With neither Tadej Pogačar (UAE Team Emirates), Remco Evenepoel (Soudal - Quick-Step) or Primož Roglič (Jumbo-Visma) present, Itzulia Basque Country provided a golden opportunity for a host of other GC contenders to win a WorldTour stage race.
The parcours looked unpredictable, too, with no time trial or mountain top finish, and a lot of climbing spaced out over the whole week, but no obvious stage where the GC would be decided. An open race was expected, with multiple riders all in with a shot of overall victory.
VINGEGAARD LAYS DOWN A MARKER WITH DOMINANT RIDE
Despite that expectation, this was ultimately even more one-sided than the races involving the aforementioned trio, only with Jonas Vingegaard playing the role of the all-conquering victory. The Jumbo-Visma rider was untouchable from start to finish, winning half of the six stages on offer, and winning by a comfortable margin of 1:12 — the largest of any WorldTour stage race so far this season, and of any Itzulia Basque Country edition since 2002.
Despite being reigning Tour de France champion, Vingegaard doesn't yet have the same reputation as Pogačar, Evenepoel and Roglic for being a prolific winner; in the last two seasons he has built his form steadily in the early season stage races, and not reaching his peak until the Tour de France. But this year, following his similarly dominant performance at O Gran Camiño, we’re seeing a new Vingegaard, one who has already won six races and two GC titles.
Whereas in past single-week stage races (including Paris-Nice last month, where he finished third behind Pogačar and David Gaudu) Vingegaard has looked vulnerable, here he exuded authority. He had already ridden proactively on the opening day by sprinting successfully for bonus seconds at intermediate sprints, before seizing control of the race by winning the steep uphill sprint in Amasa-Villabona at the end of stage three, and tightened his grip further the following day by riding away with Mikel Landa (Bahrain-Victorious) and again winning the stage in a two-up sprint.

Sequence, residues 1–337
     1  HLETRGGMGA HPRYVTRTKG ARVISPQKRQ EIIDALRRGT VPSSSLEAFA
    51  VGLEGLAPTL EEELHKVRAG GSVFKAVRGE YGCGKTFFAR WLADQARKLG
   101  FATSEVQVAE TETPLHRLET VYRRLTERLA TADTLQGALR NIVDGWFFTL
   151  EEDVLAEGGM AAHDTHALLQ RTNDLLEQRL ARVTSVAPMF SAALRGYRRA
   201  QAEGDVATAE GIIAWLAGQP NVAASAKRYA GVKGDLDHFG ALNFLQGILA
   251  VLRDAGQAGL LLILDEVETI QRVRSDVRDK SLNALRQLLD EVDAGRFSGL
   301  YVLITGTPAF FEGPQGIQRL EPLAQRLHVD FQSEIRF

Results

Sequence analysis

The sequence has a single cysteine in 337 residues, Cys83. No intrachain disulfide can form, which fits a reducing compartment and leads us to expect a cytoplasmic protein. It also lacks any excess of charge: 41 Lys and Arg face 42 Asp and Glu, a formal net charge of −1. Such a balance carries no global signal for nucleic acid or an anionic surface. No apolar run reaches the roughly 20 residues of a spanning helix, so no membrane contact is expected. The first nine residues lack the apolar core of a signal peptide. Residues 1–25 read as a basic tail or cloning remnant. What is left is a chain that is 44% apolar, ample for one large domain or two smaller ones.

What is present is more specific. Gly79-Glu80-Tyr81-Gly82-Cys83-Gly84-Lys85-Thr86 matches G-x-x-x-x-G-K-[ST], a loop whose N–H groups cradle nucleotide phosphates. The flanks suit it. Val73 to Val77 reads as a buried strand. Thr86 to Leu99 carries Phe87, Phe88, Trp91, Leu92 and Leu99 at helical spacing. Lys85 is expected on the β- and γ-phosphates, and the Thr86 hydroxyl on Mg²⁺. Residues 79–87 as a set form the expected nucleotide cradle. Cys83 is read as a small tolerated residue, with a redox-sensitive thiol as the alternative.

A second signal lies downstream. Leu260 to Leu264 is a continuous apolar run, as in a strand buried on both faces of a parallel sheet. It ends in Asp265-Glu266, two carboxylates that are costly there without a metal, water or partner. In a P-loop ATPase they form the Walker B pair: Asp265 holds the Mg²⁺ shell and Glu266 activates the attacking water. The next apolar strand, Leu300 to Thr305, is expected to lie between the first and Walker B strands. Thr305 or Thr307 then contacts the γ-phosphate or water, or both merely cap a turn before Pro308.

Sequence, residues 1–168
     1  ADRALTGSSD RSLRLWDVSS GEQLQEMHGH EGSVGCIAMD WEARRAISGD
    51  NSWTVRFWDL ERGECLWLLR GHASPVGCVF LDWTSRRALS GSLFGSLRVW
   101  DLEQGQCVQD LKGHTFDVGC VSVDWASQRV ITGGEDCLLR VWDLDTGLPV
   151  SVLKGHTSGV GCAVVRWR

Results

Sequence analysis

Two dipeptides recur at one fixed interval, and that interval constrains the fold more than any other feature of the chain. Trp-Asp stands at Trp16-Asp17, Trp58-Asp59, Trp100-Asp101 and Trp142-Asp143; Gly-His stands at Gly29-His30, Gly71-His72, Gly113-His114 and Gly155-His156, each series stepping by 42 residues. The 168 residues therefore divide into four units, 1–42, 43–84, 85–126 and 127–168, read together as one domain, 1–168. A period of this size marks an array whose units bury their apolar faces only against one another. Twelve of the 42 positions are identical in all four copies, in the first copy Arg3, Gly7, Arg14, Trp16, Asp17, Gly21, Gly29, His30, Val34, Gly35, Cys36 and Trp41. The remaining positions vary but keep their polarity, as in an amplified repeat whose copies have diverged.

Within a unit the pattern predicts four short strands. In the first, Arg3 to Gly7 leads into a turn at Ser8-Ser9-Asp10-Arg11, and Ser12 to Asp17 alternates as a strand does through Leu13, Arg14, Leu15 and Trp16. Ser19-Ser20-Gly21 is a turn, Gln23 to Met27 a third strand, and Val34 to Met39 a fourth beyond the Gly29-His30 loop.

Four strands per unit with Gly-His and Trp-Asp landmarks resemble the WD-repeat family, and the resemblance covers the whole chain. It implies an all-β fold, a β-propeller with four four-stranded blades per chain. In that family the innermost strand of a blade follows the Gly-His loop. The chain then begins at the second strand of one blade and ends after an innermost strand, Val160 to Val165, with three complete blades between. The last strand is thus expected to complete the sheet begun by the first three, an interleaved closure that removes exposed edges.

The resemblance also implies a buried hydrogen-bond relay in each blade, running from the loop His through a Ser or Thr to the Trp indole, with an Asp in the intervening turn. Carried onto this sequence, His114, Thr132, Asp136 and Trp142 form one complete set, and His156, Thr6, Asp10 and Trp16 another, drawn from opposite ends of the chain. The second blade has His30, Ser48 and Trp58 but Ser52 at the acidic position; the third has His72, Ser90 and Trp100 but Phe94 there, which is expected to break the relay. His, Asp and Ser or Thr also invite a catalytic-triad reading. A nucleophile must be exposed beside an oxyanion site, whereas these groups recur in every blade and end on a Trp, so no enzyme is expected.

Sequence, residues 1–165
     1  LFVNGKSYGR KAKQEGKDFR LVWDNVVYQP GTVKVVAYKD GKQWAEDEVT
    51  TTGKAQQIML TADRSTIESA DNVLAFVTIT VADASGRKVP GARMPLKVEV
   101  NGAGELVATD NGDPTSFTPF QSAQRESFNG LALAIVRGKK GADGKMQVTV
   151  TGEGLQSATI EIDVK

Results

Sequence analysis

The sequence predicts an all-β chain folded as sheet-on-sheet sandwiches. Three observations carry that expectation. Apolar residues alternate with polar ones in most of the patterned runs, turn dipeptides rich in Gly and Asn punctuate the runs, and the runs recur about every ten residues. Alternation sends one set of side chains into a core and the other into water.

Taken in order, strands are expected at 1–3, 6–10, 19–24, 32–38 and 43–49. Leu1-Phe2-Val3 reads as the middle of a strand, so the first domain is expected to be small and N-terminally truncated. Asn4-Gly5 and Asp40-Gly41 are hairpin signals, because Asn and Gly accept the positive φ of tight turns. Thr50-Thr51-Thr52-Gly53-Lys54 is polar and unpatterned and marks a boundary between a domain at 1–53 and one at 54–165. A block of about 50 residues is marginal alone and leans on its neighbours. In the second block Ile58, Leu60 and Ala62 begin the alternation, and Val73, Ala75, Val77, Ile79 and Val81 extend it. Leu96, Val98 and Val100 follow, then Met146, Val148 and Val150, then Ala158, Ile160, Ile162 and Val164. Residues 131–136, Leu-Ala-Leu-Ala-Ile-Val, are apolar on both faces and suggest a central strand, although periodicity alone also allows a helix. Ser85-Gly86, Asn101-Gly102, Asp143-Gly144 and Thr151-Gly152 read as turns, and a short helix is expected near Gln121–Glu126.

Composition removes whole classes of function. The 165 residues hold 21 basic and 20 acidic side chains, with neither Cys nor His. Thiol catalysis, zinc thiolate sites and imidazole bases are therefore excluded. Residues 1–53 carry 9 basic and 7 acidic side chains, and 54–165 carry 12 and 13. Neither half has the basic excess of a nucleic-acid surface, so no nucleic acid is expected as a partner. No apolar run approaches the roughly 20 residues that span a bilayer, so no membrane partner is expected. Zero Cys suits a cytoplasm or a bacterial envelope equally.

Then on the final stage, rather than simply defend his lead, he attacked from long-range. He had typically strong support with his Jumbo-Visma teammates, with Attila Valter and Steven Kruijswijk getting into the day’s break, but didn’t even need to use them, only resting a few moments in their slipstream after they’d dropped back, before riding the remaining 28km solo almost a minute ahead of the rest.
RUNNER-UP LANDA LACKING KILLER INSTINCT
It was clear Mikel Landa (Bahrain-Victorious) meant business in his home race when, on stage 2, he embarked on a surprise long-range move with an attack 47km from the finish. He might have been reeled in some 30km later, but did survive long enough to pick up some bonus seconds, and was evidently not too fatigued from the effort, as the very next day he sprinted for second behind Vingegaard at the finish.
Landa then confirmed his status as the chief rival to Vingegaard the next day when he was the only rider to follow the Dane’s move on the final climb, but the way the rest of that stage unfolded did expose a lack of killer instinct that has held Landa back over the years. The Basque rider had appeared to play the approach to the finish intelligently, declining to take a turn on the finishing straight and forcing Vingegaard to lead him out. But he fluffed his lines when it came to the climax, first waiting too long to begin his sprint and letting his opponent take the final corner in the lead, then trying and failing to squeeze through a non-existent gap to overtake him in the sprint.